nep-res New Economics Papers
on Resource Economics
Issue of 2008‒06‒27
two papers chosen by
Maximo Rossi
Universidad de la Republica

  1. Household Incidence of Pollution Control Policies: a Robust Welfare Analysis Using General Equilibrium Effects By Abdelkrim Araar; Yazid Dissou; Jean-Yves Duclos
  2. Optimal CO2 abatement and technological change. Should emission taxes start high in order to spur R&D? By Mads Greaker and Lise-Lotte Pade

  1. By: Abdelkrim Araar; Yazid Dissou; Jean-Yves Duclos
    Abstract: This study assesses the incidence of pollution control policies on households. In contrast to previous studies, we employ an integrated framework combining a multisector general equilibrium model with a stochastic dominance analysis using household-leved data. We consider three policy instruments in a domestic emission trading system: (i) an output-based allocation of permits (OBA); (ii) the use of the proceeds of permit sales to reduce payroll taxes (RPT); (iii) and the use of these proceeds to reduce consumption taxes instead (UCS). The general equilibrium results suggest that the return to capital is more negatively affected than the wage rate in all simulations, since polluting industries are capital intensive. Abstracting from pollution externalities, the dominance analysis allows us to conclude that all three policies have a normatively robust negative (positive) impact on welfare (poverty). Formal dominance tests indicate that RPT first-order welfare dominates OBA over all values of household incomes. UCS also first-order poverty dominates RPT for any choice of poverty line below $CAN 18,600, and poverty dominates for any poverty line (and thus welfare dominates) at the second order. Finally, while the three pollution control policies do not have a numerically large impact on inequality (in comparison to the base run), statistical tests indicate that inequality increases significantly more with OBA and RPT than with UCS.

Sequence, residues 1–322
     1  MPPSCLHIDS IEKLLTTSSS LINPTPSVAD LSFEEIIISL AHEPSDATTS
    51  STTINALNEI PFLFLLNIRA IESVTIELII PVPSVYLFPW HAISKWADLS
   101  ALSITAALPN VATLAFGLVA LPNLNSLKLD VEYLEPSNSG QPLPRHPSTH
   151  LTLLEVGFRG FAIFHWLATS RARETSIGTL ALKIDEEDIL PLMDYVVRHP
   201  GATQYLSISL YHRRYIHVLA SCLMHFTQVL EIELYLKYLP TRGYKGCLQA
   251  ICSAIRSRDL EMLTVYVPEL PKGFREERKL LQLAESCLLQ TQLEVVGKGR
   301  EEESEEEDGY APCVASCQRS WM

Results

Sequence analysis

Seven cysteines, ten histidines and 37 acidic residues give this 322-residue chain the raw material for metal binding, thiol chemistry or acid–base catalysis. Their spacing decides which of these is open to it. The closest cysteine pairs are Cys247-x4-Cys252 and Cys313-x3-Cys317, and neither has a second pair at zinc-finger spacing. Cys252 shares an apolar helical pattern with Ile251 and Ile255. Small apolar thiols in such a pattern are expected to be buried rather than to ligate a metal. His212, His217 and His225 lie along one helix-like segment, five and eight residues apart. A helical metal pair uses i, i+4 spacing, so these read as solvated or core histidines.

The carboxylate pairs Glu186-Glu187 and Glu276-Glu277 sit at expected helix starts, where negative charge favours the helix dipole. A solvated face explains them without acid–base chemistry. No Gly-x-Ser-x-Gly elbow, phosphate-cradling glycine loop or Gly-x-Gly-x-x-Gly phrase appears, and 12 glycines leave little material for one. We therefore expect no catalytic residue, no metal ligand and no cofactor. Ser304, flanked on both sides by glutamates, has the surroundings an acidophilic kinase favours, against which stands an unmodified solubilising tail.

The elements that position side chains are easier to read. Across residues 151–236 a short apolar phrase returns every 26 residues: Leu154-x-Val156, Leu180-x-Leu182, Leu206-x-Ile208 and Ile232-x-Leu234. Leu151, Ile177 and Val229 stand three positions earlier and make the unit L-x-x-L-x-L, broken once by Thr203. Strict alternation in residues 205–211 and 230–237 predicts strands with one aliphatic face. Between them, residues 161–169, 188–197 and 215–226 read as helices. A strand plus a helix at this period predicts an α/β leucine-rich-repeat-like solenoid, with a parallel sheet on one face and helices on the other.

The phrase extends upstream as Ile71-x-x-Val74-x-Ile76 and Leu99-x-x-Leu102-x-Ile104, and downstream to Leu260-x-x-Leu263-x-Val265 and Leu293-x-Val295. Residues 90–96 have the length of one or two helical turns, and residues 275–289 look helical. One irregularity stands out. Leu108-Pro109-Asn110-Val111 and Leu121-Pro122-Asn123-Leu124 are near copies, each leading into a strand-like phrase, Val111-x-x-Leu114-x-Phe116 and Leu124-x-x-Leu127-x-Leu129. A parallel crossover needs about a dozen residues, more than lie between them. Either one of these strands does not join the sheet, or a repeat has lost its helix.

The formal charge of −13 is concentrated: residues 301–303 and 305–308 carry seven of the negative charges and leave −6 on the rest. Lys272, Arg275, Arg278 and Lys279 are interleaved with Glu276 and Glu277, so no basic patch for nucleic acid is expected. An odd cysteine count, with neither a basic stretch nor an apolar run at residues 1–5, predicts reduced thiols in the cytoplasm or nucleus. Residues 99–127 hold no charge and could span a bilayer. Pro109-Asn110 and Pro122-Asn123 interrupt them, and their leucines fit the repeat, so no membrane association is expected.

Keywords: Pollution control policies, household incidence, stochastic dominance, general equilibrium effects
    JEL: C68 D31 D58 D63 H23 Q52 Q56
    Date: 2008
    URL: http://d.repec.org/n?u=RePEc:lvl:lacicr:0809&r=res
  2. By: Mads Greaker and Lise-Lotte Pade (Statistics Norway)
    Abstract: Many European politicians argue that since technological development is needed to solve the climate problem, the EU should take the lead and set tougher emission targets than what is required by the Kyoto protocol. Moreover, emission trading with other countries outside EU should be limited so as to keep emission quota prices high. However, the policy of spurring R&D by setting high emission taxes today is not suggested by the literature on climate change and R&D. In this paper we investigate this result further by modeling innovation activity explicitly. In our model both the amount of R&D and the amount of CO2 abatement are decided in a decentralized way by the market as a response to an emission tax. Moreover, we introduce three distinct failures in the market for new innovations; monopolistic pricing behavior, insufficient patent protection and dynamic knowledge spillovers. Our findings suggest that governments should under some circumstances set a higher carbon tax today if we have technological change driven by R&D than if we have pure exogenous technological change. Based on numerical simulations these circumstances are i) "a standing on shoulders" type of externality in R&D or ii) weak patent protection.
    Keywords: Climate policy; technological change; emission tax
    JEL: Q28 D21 C68
    Date: 2008–06
    URL: http://d.repec.org/n?u=RePEc:ssb:dispap:548&r=res

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